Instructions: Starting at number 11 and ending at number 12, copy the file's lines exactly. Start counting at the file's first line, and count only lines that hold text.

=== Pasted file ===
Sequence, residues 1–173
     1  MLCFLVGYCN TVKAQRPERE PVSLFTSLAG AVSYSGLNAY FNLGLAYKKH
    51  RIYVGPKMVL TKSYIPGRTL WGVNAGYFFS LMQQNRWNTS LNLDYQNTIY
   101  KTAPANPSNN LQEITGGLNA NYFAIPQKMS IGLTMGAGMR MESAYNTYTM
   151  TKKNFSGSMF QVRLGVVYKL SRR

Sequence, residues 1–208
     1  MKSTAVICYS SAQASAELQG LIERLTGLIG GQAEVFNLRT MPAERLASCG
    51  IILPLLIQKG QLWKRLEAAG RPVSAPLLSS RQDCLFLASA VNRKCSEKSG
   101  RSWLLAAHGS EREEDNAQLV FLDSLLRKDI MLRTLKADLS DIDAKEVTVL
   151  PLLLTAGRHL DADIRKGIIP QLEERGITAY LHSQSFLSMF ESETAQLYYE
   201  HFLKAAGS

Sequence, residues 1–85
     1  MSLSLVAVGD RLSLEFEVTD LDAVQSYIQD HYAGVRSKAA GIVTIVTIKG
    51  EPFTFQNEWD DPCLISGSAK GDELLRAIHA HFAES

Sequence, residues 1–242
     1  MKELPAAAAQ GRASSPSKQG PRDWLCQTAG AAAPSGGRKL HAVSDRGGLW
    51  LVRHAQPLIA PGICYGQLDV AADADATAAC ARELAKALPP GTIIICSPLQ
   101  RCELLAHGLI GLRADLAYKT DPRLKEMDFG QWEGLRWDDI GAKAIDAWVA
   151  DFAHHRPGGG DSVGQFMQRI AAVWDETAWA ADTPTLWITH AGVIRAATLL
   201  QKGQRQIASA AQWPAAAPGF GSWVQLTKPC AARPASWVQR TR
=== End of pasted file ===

   201  HFLKAAGS

Sequence, residues 1–85